I have to admit I am not a lifelong NBA fan. I've loved sports all my life, growing up with baseball and adding tennis, basketball and football to my arsenal along the way. Even as my love of college basketball grew to equal how much I cared about baseball, I still was wary of the NBA.
I'm sure we all know the objections people have made about the NBA -- selfish, overpaid players who care more about their stats than winning, blah blah blah. Sadly, no one in my sports-loving family thought otherwise, and it wasn't until a childhood friend got me to start watching in 2008. At that time, my most beloved teams, the Braves and Mercer Bears basketball, were pretty mediocre, so it was easy for me to get hooked. And boy I did, and that year of course culminated in Zaza Pachulia's Nothing Easy speech.
Even if those early seasons of playoff exits, I could see everything I thought the NBA was was wrong. Sure, players like iso-Joe Johnson existed and frustrated me, but there was lots to love. I went to plenty of games, given that I live 90 minutes away. I even stood in the sixth man section for the entirety of a few games, even once it was clear the Hawks had completely checked out. But still, I needed more to be fully onboard with dealing with Josh Smith and his shot selection.
Then in summer 2012, I got a text saying Joe Johnson had been traded. I'm fairly certain I knelt down on the ground right then and there and thanked God for Danny Ferry. I was in. I went to probably 15 games last season, just excited knowing that the Hawks were headed up. Of course, I still had to stomach Josh's often bizarre decisions during games, but last season was a great stepping stone. I started watching random NBA games in my free time, just because there was so much to be excited about.
Then, last summer sealed the deal. The hiring of Mike Budenholzer, the letting go of Josh, the signings of Paul Millsap and DeMarre Carroll who friends in Utah highly touted to me, it all seemed to be fabulous. I wasn't even too devastated when Milwaukee stole Zaza away (okay, I was, but I understood why it happened). Ferry and company made sensible, reasonable decisions to put together a solid roster.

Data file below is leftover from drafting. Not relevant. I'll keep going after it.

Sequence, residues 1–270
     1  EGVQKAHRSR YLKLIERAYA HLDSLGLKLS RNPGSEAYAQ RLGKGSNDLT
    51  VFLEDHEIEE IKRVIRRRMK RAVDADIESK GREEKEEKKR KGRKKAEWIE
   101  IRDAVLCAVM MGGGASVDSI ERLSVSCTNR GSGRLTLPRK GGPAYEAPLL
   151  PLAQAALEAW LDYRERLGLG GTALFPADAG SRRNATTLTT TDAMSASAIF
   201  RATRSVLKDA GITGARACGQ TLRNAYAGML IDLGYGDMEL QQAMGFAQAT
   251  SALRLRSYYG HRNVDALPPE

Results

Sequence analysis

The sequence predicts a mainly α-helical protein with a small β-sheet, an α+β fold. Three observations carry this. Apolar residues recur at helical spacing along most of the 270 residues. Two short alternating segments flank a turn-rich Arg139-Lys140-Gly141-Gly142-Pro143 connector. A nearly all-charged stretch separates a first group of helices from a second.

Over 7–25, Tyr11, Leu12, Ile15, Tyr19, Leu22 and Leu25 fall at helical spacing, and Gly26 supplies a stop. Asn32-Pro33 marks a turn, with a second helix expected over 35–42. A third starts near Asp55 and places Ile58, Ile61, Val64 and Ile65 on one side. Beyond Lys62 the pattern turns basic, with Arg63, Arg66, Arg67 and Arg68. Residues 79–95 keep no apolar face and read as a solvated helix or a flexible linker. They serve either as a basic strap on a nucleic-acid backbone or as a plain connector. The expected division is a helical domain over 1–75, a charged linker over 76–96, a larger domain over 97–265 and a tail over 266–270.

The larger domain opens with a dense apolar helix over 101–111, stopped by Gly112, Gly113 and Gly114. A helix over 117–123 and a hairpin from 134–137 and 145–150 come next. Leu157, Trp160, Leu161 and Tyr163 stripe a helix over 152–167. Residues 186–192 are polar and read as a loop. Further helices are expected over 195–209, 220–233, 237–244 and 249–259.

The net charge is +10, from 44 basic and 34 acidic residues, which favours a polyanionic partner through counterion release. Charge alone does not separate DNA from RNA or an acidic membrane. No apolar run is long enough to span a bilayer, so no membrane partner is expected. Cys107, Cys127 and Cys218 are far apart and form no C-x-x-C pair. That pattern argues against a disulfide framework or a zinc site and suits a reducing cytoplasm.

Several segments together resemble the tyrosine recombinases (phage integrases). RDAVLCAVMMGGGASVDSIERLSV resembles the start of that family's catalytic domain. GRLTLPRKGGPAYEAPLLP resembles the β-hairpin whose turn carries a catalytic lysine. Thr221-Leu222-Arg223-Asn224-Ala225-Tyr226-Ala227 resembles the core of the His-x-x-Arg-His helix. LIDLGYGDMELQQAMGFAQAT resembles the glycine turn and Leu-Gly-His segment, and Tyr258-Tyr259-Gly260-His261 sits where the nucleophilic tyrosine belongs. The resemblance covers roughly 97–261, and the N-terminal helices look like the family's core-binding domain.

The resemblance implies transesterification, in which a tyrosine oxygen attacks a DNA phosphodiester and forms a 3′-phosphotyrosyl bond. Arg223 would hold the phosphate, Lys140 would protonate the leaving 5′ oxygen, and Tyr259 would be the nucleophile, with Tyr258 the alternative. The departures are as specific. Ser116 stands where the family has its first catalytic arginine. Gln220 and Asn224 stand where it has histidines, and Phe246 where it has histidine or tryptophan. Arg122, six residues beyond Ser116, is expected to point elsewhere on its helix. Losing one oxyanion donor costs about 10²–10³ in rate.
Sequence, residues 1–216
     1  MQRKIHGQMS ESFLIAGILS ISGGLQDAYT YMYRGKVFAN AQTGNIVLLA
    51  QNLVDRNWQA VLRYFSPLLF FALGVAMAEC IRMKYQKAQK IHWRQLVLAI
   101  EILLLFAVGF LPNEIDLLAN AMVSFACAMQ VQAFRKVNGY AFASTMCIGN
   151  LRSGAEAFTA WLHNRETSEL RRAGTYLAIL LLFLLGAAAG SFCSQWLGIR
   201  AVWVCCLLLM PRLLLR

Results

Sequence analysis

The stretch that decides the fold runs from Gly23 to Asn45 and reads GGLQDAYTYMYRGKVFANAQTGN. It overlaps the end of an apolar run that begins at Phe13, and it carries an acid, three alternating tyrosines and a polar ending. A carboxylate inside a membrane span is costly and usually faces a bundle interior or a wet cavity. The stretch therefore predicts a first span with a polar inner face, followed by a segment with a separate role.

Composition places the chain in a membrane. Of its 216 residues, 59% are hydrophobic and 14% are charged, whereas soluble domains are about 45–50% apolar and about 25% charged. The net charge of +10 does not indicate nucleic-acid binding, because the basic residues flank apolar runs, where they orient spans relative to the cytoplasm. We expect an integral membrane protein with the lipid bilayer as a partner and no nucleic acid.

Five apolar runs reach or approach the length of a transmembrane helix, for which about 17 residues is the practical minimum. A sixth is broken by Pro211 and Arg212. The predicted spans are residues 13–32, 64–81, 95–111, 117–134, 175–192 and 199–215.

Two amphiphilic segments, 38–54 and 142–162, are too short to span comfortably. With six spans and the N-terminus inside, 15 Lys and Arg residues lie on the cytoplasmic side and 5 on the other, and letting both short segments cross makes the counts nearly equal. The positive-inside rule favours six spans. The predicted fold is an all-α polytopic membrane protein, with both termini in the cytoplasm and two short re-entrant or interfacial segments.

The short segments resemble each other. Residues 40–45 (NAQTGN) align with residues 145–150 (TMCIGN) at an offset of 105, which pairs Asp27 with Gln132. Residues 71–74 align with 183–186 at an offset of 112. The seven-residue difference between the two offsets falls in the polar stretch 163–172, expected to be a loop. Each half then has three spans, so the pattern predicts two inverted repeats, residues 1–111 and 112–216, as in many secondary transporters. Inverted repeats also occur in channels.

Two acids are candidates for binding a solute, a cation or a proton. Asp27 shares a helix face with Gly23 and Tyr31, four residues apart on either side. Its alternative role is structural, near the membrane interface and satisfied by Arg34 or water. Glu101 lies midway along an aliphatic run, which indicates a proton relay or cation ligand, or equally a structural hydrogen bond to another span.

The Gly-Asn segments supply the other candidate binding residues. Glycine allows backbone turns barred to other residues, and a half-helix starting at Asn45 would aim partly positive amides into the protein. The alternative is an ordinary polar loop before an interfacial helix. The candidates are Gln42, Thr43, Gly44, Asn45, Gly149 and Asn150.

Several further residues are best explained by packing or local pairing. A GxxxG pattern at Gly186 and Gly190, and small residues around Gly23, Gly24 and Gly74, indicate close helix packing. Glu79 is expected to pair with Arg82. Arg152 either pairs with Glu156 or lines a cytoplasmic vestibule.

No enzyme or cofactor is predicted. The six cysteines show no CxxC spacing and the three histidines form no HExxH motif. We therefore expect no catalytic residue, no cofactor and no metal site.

There's no need to go into detail about how the season with that roster played out, what with injuries and lowered expectations after eyeing the 3 seed for a minute. But in the midst of some high highs and low lows, Coach Bud's system shone through. Kris already detailed it on Monday, and he put it perfectly: "Budenholzer's system is about playing the game the right way, playing for each other and not beating yourself."
Atlanta's 2013-14 season had everything I love about basketball. Even when Al Horford went down, the Hawks didn't beat themselves up and completely collapse. Players continued to development, and I'm sure I'm not the only fan who stopped turning games off despite being down 12 heading into the fourth. Coach Bud brought with him something I always want to see from my team -- the drive to never quit.
Budenholzer's influence was apparent in other areas, as the team seemed to get along and mesh well. Clubhouse chemistry has taken a beating as more advanced stats start to prevail, but how can things like this be irrelevant to how a team plays together?
Originally coming from the viewpoint of being a diehard mid-major college basketball fan, I guess I'm used to a lot of ball sharing between fairly equally talented guys (such as seven seniors from Mercer), instead of a few dominant stars headed to the pros with fill-ins on the rest of the roster (like Jabari Parker and Duke losing to said Mercer).
Obviously, the Hawks didn't completely triumph under such a system, but the fact fans didn't sit down even as the five-point lead evaporated during Game 6 is a huge testament to what Ferry, Budenholzer and now the always-enthusiastic Steve Koonin are trying to do. The future of Atlanta basketball is bright for those who love what the game is all about.